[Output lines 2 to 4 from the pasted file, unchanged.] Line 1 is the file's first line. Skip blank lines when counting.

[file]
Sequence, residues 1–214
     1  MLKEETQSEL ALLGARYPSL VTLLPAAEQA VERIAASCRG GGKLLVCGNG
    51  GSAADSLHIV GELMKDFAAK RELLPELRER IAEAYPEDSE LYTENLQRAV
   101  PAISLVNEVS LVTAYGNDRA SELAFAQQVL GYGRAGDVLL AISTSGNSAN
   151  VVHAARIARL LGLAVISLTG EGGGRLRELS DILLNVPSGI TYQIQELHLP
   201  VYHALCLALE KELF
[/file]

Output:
     1  MLKEETQSEL ALLGARYPSL VTLLPAAEQA VERIAASCRG GGKLLVCGNG
    51  GSAADSLHIV GELMKDFAAK RELLPELRER IAEAYPEDSE LYTENLQRAV
   101  PAISLVNEVS LVTAYGNDRA SELAFAQQVL GYGRAGDVLL AISTSGNSAN